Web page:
While developing new features you can’t get away from fixing bugs in the current release. Let’s explore a scenario where we start developing a new feature and fix bugs on the current release at the same time.

Here’s a snapshot of my app right now.


Check out a new feature branch: First, check out a new branch in which to develop the feature. After that’s created make some changes and commit them.

git checkout -b develop-awesome-feature

Make some changes


Now commit.

git commit -a -m 'started the add_stuff method'

Oops! We’re missing a closing quote on line 8. This application is in production so we need to fix this quick, can’t wait to finish add_stuff.

Check out a bug fix branch: We need a new bug fix branch to work from. Before we do that, make sure you know which branch you’re on:

$ git branch
* develop-awesome-feature

That asterisk tells you where you’re currently working. Since our bug fix is high-priority, and will probably be finished before the new feature, we first switch back to the master branch and then branch off from there. Note that last time we did git checkout -b, that’s the syntax for creating new branches, once created you simply use git checkout.

$ git checkout master

Look at the file now:


All of our new feature code is gone, which is exactly what we want. Now we can fix the bug in its own branch and update the application without a bunch of unused–and potentially broken–development code from our feature; nor do we have to wait for add_stuff to be completed before we can release the fix. Liberating? Yes. Okay, back to work. Check out a new branch for the bug, add a quote to line 8, and commit:

$ git checkout -b develop-bug-quotes
Switched to a new branch 'develop-bug-quotes'

Now add a quote to line 8 and commit.

$ git commit -a -m 'fixed quote bug'
[develop-bug-quotes 89d6037] fixed quote bug
 1 files changed, 1 insertions(+), 1 deletions(-)

Merge the bug fix into master: Since we’re working on our bug fix branch, the master branch doesn’t have the fix yet. We need to merge the bug fix branch into master. Merging like this is cake, but first you have to pay attention to which branch you’ve got checked out. When you merge git will merge a branch into the branch you’re working in, so let’s checkout master first.

$ git checkout master
Switched to branch 'master'

$ git merge develop-bug-quotes
Updating 48d01de..89d6037
 application |    2 +-
 1 files changed, 1 insertions(+), 1 deletions(-)

Now you could deploy this application without waiting on the new feature to be complete. Pretty slick. Before we move on, you really don’t need that branch hanging around forever. Let’s delete it–don’t get all nervous, git will complain if your changes aren’t merged yet and won’t delete the branch. (You’ll find it’s nearly impossible to lose anything when you’re using git.)

$ git branch -d develop-bug-quotes

Merge the bug fix into the feature branch: This is the part you’ve been waiting for. Switch back to the develop-awesome-feature branch and look at the code, we’ve got the bug there again! Let’s merge once again.

$ git checkout develop-awesome-feature
$ git merge master
Auto-merging application
CONFLICT (content): Merge conflict in application
Automatic merge failed; fix conflicts and then commit the result.

Ah snap! A conflict. Usually my merges don’t have any conflicts, especially when I’m working on my own–but that’s not to say I don’t deal with conflicts almost daily. There are some great merge tools to help you here. I’m on a Mac and really like using the built in FileMerge application for conflict resolution. I’ll show how to use that, but first let’s take a look at doing it with any ol’ text editor. Git added some stuff to the file, take a look:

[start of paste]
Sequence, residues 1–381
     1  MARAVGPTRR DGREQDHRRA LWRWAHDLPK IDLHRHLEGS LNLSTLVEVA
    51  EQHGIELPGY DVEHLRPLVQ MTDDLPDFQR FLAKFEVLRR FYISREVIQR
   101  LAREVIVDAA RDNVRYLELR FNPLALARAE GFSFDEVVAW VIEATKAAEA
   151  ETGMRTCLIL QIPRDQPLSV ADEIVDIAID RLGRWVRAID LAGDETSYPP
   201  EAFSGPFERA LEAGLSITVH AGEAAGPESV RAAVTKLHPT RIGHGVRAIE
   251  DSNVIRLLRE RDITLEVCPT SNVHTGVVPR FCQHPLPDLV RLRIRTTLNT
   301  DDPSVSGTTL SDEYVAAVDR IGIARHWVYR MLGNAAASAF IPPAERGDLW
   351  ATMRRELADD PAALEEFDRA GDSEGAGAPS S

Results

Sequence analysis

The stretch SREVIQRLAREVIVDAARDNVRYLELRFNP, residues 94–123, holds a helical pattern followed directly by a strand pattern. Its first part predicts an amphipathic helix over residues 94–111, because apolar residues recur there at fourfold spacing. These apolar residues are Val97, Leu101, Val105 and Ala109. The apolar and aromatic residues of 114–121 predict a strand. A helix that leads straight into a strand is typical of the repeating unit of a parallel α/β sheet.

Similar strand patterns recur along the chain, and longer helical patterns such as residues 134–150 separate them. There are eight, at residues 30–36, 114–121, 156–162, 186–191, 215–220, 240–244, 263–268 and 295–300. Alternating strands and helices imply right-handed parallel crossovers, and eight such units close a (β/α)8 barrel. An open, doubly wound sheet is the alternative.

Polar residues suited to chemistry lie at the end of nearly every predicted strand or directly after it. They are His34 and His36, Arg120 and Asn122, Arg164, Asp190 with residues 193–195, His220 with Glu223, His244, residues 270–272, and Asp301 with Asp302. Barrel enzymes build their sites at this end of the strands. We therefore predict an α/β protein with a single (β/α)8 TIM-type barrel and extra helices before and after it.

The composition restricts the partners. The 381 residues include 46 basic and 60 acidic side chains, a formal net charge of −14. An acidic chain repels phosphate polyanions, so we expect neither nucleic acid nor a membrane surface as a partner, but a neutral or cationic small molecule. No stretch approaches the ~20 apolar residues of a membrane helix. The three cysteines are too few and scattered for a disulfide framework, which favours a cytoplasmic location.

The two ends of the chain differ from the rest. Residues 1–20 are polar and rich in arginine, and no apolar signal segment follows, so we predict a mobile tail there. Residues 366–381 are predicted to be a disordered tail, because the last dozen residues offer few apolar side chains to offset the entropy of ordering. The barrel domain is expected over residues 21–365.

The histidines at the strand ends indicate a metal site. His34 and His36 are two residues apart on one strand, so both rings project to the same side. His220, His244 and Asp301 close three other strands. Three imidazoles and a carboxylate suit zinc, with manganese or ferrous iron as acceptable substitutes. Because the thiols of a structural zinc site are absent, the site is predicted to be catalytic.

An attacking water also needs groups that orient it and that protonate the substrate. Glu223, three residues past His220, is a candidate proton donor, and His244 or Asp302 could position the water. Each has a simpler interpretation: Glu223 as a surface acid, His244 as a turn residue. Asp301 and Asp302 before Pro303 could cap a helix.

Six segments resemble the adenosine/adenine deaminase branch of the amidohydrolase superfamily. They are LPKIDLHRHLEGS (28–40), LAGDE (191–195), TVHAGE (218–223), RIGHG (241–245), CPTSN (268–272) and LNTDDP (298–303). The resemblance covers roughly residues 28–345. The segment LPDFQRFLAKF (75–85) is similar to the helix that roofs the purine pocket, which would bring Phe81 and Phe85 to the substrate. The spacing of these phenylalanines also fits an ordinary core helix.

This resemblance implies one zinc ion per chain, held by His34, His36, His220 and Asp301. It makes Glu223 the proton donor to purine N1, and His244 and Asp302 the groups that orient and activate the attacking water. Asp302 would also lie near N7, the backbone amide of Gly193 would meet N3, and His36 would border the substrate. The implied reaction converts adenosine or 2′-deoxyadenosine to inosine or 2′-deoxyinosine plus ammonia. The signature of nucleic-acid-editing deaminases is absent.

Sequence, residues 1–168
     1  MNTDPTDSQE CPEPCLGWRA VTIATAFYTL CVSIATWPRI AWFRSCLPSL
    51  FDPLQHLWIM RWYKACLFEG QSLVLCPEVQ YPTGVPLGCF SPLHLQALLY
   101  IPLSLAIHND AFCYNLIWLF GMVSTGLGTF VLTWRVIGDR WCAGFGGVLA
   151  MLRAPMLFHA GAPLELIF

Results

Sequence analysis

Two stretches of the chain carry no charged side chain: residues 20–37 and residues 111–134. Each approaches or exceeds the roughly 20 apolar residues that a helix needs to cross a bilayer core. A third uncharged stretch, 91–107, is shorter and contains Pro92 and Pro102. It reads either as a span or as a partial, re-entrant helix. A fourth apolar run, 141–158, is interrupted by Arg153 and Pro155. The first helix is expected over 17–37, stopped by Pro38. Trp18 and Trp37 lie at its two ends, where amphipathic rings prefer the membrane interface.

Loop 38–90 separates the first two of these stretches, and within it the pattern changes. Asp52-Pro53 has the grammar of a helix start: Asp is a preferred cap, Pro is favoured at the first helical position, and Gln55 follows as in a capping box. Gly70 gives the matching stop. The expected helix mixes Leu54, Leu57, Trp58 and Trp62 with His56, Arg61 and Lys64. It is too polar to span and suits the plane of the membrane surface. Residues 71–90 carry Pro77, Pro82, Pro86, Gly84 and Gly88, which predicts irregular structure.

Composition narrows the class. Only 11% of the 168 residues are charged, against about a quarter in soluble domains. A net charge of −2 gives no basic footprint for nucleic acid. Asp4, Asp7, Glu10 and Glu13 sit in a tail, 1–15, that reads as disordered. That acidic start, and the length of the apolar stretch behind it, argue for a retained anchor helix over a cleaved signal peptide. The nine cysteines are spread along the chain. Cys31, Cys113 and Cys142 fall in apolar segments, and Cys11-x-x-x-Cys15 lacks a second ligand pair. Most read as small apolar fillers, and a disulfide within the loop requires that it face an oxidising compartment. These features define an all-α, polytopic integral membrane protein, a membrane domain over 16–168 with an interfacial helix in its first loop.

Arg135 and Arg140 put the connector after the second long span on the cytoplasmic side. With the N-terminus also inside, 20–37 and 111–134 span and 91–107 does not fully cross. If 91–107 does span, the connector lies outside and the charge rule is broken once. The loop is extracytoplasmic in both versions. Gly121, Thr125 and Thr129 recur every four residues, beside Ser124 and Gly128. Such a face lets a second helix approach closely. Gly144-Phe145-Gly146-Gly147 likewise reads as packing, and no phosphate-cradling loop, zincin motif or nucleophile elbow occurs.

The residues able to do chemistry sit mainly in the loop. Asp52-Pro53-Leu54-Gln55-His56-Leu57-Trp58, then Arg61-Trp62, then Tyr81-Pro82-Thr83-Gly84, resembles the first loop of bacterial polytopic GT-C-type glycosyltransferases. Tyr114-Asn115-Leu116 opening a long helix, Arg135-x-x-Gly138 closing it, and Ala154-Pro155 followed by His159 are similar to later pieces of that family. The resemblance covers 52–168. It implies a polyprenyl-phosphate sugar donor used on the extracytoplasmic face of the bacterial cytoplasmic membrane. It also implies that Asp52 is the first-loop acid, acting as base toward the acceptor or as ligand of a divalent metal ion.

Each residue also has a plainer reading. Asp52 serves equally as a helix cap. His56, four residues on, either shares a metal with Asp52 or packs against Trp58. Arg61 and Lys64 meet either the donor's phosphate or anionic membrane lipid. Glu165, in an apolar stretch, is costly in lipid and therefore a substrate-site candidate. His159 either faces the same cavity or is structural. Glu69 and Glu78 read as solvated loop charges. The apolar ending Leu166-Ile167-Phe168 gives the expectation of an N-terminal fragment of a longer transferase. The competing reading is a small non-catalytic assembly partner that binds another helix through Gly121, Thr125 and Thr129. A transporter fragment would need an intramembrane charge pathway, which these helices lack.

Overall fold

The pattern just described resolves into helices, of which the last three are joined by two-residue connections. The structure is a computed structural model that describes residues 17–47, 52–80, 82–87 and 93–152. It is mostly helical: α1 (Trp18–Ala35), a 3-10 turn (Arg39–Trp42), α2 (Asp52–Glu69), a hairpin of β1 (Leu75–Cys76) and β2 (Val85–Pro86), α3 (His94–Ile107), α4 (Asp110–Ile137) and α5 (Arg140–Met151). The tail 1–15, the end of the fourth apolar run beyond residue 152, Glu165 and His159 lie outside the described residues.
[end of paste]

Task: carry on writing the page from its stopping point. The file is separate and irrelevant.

Line 5 shows what’s in the current “HEAD”, (your checked out branch, basically) and then after the ====== it shows what’s in master, or what git tried to merge. Simply get rid of all the garbage and make sure things look the way you want them to:


Save the file, and commit.

$ git commit -a -m 'merged with branch master'

Let’s take a look at how to use mergetool the next time you have a conflict.

$ git mergetool
merge tool candidates: opendiff kdiff3 tkdiff xxdiff meld tortoisemerge gvimdiff diffuse ecmerge p4merge araxis emerge vimdiff
Merging the files: application

Normal merge conflict for 'application':
  {local}: modified
  {remote}: modified
Hit return to start merge resolution tool (opendiff): 

I hit enter and FileMerge pops up and I deal with the conflicts:


All the while git is patiently waiting for the file to be saved. When I save the file (File » Save) and quit the application, git picks up on that. It also leaves a file in the repository called application.original. If you’re happy with the result of your merge, delete that new file. If not, it’s there as a reference while you sort things out (but eventually you need to delete it.) Once you’re happy with the merge, commit the changes:

$ git commit -a -m 'merged with branch master'

Finish our feature: Now that we’ve merged the fix into our feature branch we can finish what we started so long ago.


And then of course commit:

$ git commit -a -m 'finished add_stuff feature'

Next we merge it into master so we can deploy it:

$ git checkout master
Switched to branch 'master'

$ git merge develop-awesome-feature
Updating d959c84..3ec8885
 application |    7 ++++++-
 1 files changed, 6 insertions(+), 1 deletions(-)

We can now delete this branch too since we don’t need it anymore:

$ git branch -d develop-awesome-feature

GUI Tools: Git ships with something called gitk, on OS X a lot of folks use GitX instead (I’m in that boat) and on windows, TortoiseGit. Here’s a screenshot of what we did throughout this workflow in GitX:

$ gitx


Git is HUGE. Every week I seem to learn something new that you can do with git. But as you can see, even scratching the surface of its capabilities will make your development far more agile than it would be otherwise. Check out the git resources for other great places to learn.

Hi, I'm Ryan!

South Jordan, UT

About Me

I'm a front-end web developer from Salt Lake City, Utah and have been creating websites since the early 90's. I like making awesome user experiences and leaving behind maintainable code. I'm active in the JavaScript community writing plugins, contributing to popular JavaScript libraries, speaking at conferences & meet-ups, and writing about it on the web. I work as the JavaScript guy at Instructure.